For a brush with some texture, adjust the amount of texture that shows by making a contrast adjustment with either the Levels or the Brightness/Contrast adjustment layers, if necessary.
I could even create a new layer and stroke my selection (Edit menu), to leave me just an outline. Kind of like a steeple cookie cutter.
Step 2. Either way, after you’ve made and perfected your selection, go to the Edit Menu and select Define Brush from Selection. Name the brush, and that’s it. You’ve created a brush now!
Where to Find Custom Brushes in Elements?
If you need some special brushes but don’t want to make them on your own, finding tons of them is a short google search away. Start with searching “free Photoshop brushes” or narrow it down by subject: “photoshop steeple brushes.”
Compatibility isn’t an issue with brushes – if they work in full Photoshop, they’ll work in Elements too.
Here are some of my favorite sources of brushes:
Deviant Art – lots of freebies here
How to Load Brushes in Photoshop Elements?
Once you’ve located new brushes, you need to download them and save them somewhere on your hard drive. Next, load them into Photoshop Elements by selecting the brush tool and clicking on the drop down arrow in the brush type picker. See the graphic below.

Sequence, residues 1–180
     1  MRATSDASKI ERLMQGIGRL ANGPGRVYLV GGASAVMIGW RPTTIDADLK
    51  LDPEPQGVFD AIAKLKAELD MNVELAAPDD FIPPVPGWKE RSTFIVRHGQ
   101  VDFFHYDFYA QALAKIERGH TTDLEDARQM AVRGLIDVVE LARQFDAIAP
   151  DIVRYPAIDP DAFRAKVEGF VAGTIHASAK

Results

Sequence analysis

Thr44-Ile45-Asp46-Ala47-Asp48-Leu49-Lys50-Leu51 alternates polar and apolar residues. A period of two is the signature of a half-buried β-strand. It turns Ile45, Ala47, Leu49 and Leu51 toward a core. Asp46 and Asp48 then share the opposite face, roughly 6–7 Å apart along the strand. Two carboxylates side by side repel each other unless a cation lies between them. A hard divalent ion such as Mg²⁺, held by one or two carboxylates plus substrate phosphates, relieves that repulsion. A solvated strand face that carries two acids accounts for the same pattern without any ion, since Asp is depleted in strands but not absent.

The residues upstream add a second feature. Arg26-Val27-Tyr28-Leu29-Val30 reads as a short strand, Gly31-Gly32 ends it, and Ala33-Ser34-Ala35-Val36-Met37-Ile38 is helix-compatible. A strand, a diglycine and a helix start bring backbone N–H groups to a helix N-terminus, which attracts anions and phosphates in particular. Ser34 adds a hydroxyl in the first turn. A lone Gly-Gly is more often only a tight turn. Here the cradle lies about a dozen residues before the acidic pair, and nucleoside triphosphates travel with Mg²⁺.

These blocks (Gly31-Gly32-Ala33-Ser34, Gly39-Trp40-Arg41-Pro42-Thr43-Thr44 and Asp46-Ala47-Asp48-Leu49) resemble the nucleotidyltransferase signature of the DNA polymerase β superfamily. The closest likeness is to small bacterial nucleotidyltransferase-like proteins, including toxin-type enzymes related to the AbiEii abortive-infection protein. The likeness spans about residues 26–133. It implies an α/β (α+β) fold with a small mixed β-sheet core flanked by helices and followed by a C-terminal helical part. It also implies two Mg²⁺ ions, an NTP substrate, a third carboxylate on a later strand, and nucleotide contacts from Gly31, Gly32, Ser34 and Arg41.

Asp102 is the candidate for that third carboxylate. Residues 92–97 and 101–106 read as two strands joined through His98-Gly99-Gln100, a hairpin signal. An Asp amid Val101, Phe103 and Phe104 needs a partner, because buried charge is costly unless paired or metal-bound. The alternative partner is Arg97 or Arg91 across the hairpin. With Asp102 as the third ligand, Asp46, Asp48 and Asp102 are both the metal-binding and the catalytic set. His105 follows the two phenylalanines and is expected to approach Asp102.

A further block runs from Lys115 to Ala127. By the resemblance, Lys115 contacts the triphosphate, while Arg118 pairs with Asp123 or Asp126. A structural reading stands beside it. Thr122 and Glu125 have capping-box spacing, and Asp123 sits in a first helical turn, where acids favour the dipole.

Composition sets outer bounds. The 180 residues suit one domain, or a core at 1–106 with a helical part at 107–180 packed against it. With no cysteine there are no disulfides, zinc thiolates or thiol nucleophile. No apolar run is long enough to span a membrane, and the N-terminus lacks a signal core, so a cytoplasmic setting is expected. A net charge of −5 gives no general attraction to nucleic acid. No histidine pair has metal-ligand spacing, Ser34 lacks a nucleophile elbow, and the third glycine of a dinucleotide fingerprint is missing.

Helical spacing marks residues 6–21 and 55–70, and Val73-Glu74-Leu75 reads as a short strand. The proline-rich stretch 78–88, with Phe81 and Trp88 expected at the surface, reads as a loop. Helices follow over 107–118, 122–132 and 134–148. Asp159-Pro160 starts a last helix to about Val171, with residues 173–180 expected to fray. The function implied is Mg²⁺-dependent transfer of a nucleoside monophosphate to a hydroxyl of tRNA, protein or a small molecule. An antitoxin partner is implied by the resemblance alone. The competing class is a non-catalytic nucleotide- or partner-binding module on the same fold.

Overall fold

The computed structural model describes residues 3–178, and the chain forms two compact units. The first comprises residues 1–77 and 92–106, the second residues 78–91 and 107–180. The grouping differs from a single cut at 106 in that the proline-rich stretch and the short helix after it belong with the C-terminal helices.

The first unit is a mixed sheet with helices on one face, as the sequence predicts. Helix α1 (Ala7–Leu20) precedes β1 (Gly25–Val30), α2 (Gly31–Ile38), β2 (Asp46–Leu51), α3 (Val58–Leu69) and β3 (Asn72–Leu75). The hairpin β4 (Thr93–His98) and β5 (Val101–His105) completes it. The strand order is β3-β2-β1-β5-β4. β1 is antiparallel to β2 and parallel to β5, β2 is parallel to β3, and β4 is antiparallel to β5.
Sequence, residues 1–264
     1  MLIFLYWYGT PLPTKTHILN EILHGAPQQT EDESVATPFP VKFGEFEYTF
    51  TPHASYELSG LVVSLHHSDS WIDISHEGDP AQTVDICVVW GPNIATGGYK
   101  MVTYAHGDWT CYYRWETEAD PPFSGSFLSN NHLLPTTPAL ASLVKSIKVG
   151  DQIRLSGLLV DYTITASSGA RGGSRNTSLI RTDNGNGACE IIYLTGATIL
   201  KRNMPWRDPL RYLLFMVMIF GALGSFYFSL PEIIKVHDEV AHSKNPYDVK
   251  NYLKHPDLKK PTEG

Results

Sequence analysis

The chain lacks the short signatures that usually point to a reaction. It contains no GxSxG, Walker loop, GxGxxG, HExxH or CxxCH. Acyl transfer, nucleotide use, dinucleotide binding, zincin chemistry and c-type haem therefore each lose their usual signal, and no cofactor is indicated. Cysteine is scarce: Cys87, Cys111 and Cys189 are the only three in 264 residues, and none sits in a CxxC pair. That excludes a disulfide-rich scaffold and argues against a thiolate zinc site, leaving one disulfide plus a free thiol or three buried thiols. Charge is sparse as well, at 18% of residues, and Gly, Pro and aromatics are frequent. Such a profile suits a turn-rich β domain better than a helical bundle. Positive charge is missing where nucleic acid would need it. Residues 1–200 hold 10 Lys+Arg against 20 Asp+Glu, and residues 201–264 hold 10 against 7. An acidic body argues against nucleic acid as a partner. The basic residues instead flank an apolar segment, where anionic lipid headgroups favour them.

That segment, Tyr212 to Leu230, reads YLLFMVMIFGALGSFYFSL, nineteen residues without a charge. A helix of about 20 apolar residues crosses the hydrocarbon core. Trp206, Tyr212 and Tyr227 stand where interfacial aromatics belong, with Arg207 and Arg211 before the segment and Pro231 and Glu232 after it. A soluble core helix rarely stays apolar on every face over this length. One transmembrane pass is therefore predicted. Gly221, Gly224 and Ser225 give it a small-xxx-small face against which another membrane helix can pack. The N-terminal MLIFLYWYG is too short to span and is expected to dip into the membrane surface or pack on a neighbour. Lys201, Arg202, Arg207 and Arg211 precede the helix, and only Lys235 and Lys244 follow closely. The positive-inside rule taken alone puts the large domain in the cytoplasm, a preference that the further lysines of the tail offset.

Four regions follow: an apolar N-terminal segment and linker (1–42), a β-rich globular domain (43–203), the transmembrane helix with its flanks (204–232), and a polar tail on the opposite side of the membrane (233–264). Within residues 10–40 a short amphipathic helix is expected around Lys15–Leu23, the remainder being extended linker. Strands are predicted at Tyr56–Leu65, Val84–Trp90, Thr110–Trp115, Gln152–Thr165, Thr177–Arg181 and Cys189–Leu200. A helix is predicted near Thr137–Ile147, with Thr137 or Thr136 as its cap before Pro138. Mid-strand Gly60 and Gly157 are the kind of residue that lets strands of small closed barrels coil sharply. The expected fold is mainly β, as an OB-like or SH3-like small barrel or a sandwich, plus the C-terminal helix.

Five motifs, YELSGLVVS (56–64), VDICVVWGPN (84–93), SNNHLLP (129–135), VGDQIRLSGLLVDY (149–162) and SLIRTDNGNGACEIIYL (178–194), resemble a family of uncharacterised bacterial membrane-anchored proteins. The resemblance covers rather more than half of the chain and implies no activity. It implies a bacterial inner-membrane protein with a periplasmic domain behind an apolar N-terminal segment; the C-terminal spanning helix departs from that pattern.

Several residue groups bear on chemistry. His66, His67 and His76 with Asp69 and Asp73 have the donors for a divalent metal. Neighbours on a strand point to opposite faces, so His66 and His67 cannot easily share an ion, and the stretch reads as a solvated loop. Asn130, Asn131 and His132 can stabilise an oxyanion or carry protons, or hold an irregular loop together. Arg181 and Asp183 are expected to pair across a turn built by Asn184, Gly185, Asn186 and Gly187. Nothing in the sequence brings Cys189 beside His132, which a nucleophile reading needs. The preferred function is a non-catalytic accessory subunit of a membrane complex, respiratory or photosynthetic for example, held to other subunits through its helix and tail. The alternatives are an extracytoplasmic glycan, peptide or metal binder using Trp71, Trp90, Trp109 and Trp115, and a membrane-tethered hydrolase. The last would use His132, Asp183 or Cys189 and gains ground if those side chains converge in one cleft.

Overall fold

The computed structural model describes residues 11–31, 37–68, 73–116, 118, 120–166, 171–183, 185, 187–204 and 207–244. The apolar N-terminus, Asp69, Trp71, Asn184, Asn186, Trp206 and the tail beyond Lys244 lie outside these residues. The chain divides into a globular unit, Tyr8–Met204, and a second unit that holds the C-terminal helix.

Click on the double arrow circled in orange in this picture:
Select Load Brushes, and navigate to the location where you just saved the new brush. Click on Load, and now you can use the brush or brushes in Elements.
If this is a brush that you want to keep in Elements permanently, you will need to complete one more step to save it.
How to Save Brushes in Photoshop Elements?
For one new brush that you’ve created, make sure it’s selected. It will default to the category that was active when you created it. So, if you have a category where you know you want the brush to go, activate it before creating the brush. Then, click on the Brush Type drop down menu and click on the double arrows to select Save Brush. Choose a name, and you have a new brush.
If you want to create a new category for your brush or brushes, first create the brushes with your Default category active. Click on the Double Arrows and select Preset Manager. Within the Preset Manager, select all the brushes that you want to put in a new category and select Save Set. You want to save your brushes in this location:
- in Windows XP, Vista or Windows 7, look on your C drive/Program Files/Adobe/Your Version of Photoshop Elements/Presets/Brushes
- on Mac, look on your main (not user specific) Mac HD/Applications/Your Version of Elements/Presets/Brushes
For brushes that you loaded into Elements, while they’re active, click on the double arrow and select Save Brushes. Navigate to the location above and name the collection of brushes something memorable. Click Save and they will appear in their own category set the next time you open Elements.
Ok, I really think that’s enough on brushes, don’t you? But if there’s something I left out, post a comment below!